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What it took to make the 2009 Ghostbusters video game

It turns out making a video game out of Ghostbusters may be as hard as trying to run a small business dedicated to investigating and exterminating paranormal activity.

“Keeping the intellectual part of the Ghostbusters canon is something I’ll always be really happy about. It’s not a perfect game, but it had all of the elements we were really hoping to get in. Considering how small that team was, compared to major games now, there’s so much content in that game.”

-Ghostbusters: The Video Game producer John Melchior

If someone asks you if you want to make a Ghostbusters video game, you say yes. 

That’s essentially what developer Terminal Reality thought when it was handed the Ghostbusters license in 2006, or so says former studio director John O’Keefe. But as Playboy’s Matt Paprocki writes, that may not have been the best answer for the now-shuttered studio. 

Playboy’s full feature breaks down the long, rocky development process for the 2009 Ghostbusters video game, and it’s a story that manages to straddle both the rocky road of game publisher acquisitions and the manic managing of actor Bill Murray. But despite all their struggles the game’s developers believe their game helped renew popular interest for the upcoming film.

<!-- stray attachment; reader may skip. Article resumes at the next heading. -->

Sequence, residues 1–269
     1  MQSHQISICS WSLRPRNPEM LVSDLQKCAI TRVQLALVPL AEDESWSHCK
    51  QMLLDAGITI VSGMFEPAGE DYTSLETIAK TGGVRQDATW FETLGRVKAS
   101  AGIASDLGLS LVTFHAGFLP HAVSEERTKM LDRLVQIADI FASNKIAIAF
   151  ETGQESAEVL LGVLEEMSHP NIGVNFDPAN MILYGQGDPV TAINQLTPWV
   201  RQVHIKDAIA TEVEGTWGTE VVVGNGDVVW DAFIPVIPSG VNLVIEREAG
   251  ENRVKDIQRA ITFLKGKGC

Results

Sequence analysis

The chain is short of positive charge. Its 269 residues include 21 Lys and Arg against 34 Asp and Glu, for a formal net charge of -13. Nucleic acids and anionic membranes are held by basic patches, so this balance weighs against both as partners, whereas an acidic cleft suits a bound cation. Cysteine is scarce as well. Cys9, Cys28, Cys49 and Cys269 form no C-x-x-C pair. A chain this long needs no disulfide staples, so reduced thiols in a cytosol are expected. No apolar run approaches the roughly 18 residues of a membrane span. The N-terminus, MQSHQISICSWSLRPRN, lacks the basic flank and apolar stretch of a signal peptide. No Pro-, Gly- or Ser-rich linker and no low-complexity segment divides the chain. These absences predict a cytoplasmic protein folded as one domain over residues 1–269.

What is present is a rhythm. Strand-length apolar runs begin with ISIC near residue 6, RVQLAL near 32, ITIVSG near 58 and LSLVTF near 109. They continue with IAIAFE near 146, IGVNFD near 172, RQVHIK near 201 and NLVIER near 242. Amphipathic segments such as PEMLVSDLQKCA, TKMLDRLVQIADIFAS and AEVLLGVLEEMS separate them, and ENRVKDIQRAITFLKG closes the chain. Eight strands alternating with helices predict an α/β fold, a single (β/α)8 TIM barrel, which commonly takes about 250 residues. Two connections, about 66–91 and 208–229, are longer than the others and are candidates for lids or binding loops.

Vivendi’s Pete Wanat and John Melchior tell Paprocki that development started because they were excited over Terminal Reality’s physics engine that featured destructible environments, which allowed the developers to recreate the visual chaos of using the films' signature proton packs. Roping in actors Dan Aykroyd and Harold Ramis then proved to be a relatively easy affair, but getting Bill Murray to show up and record his lines required casting the actor’s older brother to sell him on the game’s promise. 

At the time, this was the first major reunion of the Ghostbusters cast, which allegedly helped spark interest at Sony in pushing for a third film. 

Murray never did record all his prescribed lines for the game, but the real development travails began when Vivendi merged with Activision Blizzard, and Terminal Reality couldn’t convince Activision CEO Bobby Kotick to keep funding the game. 

Melchior says this was one of their darkest moments working on the Ghostbusters video game, but Aykroyd and Ramis remained some of their biggest champions through it all. “I sent an email to everybody saying goodbye because I didn’t know if I was going to be involved. Before I got home…both Dan Aykroyd and Harold Ramis called my wife to tell her it was going to be OK.” 

Atari would go on to publish the Ghostbusters video game, but those interviewed by Playboy say its smaller war chest meant Atari couldn’t spend as much money on marketing, which impacted the games’ financial success. Terminal Reality then closed in 2013 after releasing two more unsuccessful licensed games. 

Grappling with Vivendi’s business struggles, Atari’s lack of funds, and Murray’s unpredictable schedule may be an especially unique set of struggles for any developer, but Melchior says the praise from the late Harold Ramis was enough to make him think the game was a success. 

“By all accounts the game is great to play and I hope it’s a big hit for everyone, and the fallout has been a keen interest in the future of a Ghostbusters sequel,” Ramis said in an e-mail to Melchior shortly before Ghostbusters shipped. “So thank you for keeping the spark alive.”
 

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